A University of Georgia poll released this week that showed that the vast majority of Georgians think the nation is “headed down the wrong track” and would re-elect Republican Gov. Brian Kemp also reported that 59.7% of voters would support legal casino gambling and 45.6% would support mobile wagering on professional sports.
Georgia lawmakers have been trying for three years to approve new forms of gambling in a state that currently does not have any. In 2021, the effort was torpedoed when Democrats withheld votes over a Republican voting-rights bill, and Rep. Ron Stephens’ proposal this year to legalize via constitutional amendment was stripped and replaced with language about a timber tax.
Georgia is currently among a small pocket of states that don’t allow sports betting — western neighbor Tennessee does allow statewide mobile wagering, but Alabama, Florida, and South Carolina are also among the remaining U.S. states that do not regulate online betting.
Women, whites, Blacks, conservatives oppose
The poll, commissioned by the Georgia News Collaborative, covered everything from candidates’ races to the state of the nation to President Joe Biden’s approval rating. The results found a state leaning heavily Republican in most cases with concern about the path America is on, and 49.3% of those polled saying they “strongly disapprove” of the “way Joe Biden is handling his job as president.”
For gaming questions, respondents were polled on whether they favored the legalization of “casino gambling” and “online betting on professional sports teams.” The questions did not address whether Georgians would support iCasino or in-person sports betting.
All groups, whether broken down by gender, race, political ideology, or age, indicated they would support casino gaming, but when it comes to digital wagering on professional sports, only two major groups indicated more than 50% support.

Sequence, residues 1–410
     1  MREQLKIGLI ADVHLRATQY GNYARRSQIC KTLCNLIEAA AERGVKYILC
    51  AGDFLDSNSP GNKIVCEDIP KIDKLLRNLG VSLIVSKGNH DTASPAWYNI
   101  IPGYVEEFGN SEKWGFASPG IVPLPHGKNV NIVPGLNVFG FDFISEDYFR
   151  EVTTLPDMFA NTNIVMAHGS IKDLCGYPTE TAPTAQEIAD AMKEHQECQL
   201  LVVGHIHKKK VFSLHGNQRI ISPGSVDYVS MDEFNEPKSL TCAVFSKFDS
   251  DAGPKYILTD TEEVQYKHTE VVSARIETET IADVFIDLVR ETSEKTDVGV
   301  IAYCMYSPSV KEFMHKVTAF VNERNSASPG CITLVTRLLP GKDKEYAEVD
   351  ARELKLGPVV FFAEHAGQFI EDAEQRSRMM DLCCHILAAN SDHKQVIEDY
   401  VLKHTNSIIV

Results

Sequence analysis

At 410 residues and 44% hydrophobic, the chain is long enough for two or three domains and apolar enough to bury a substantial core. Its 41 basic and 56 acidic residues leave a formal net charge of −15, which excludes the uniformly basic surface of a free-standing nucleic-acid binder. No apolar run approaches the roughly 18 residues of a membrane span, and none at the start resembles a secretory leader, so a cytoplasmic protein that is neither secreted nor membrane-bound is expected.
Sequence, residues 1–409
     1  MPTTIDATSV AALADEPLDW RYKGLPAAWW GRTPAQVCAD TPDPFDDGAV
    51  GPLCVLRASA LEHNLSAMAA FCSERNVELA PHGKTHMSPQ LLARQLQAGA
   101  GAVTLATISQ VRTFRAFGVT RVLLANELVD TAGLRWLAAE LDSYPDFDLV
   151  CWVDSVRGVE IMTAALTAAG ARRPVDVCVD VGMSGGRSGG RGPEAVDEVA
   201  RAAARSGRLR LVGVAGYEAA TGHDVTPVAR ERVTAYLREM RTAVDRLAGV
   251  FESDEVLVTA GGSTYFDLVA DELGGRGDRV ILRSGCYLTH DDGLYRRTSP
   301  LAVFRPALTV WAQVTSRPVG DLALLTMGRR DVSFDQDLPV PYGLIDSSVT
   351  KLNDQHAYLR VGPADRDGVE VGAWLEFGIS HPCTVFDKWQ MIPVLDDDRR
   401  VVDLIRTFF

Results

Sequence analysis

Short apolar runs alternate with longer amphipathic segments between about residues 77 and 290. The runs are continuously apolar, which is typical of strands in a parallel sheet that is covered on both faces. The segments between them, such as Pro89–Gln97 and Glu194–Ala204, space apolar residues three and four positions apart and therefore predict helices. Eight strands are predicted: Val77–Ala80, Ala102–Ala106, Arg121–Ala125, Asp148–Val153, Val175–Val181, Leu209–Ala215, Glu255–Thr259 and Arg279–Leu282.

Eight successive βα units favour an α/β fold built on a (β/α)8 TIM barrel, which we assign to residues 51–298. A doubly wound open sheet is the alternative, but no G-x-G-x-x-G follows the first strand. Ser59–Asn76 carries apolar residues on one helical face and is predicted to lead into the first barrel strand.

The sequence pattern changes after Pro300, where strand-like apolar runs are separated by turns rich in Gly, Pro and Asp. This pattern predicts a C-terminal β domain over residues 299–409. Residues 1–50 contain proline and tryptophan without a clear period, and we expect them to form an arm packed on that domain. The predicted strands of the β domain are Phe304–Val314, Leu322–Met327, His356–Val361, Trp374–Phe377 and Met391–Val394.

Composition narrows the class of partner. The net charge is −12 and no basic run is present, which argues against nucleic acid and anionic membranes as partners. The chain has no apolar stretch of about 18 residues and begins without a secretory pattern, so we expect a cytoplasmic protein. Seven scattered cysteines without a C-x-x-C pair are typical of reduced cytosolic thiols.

Sports Betting in Georgia https://t.co/7nXq83lpfZ. So all this push for sports betting legalization. Focus is on lost revenue, but are there any numbers on ruined lives and families due to such an addiction? And isn’t this another example of regressive taxation?
— GAGamecock (@ga_gamecock) October 17, 2022
With regard to casino gaming, 63.1% of men and 57% of females polled said they’d be in support, as did 55.4% of whites, 70% of Blacks, 64.4% of liberals, and 53% of conservatives. At least 51.2% of those polled in every age group said they’d support casino gaming, and in most cases, the number was more than 60%.
For legal digital sports betting, less than half of women (35.4%), whites (44.2%), Blacks (49%), and conservatives (42.2%) indicated they’d be in support. In other key categories, 58.2% of males and 51.3% of liberals said they would support mobile wagering. When it came to age categories, however, less than half of those over 45 said they’d favor legal digital sports betting, while 53.9% of those 18-29 and 61.8% of those 30-44 said they would.
Georgians on other issues
Kemp, who is running for reelection against Democrat Stacey Abrams, has not taken a position on legal wagering, while Abrams has been running ads saying she would be in support if elected governor and would funnel tax revenue to education.
On major issues facing the state, nearly half of those polled said they would want to protect abortion rights and exactly half said they oppose a new Georgia law that allows people over 21 to carry a concealed weapon without a license.
The poll, conducted by the School of Public and International Affairs, took place via telephone Sept. 25-Oct. 4, and included 1,030 “likely general election voters.” More than half the respondents were women and more than half were white. In terms of ideology, the biggest percentage — 45.5% — identified as conservatives. Just over 34% of respondents had a college bachelor’s degree or higher while 33.7% had a high school diploma or less.
Other surveys in recent years have found that Georgians favor legal wagering, and the state’s professional sports teams have formed a coalition pushing for legal online wagering.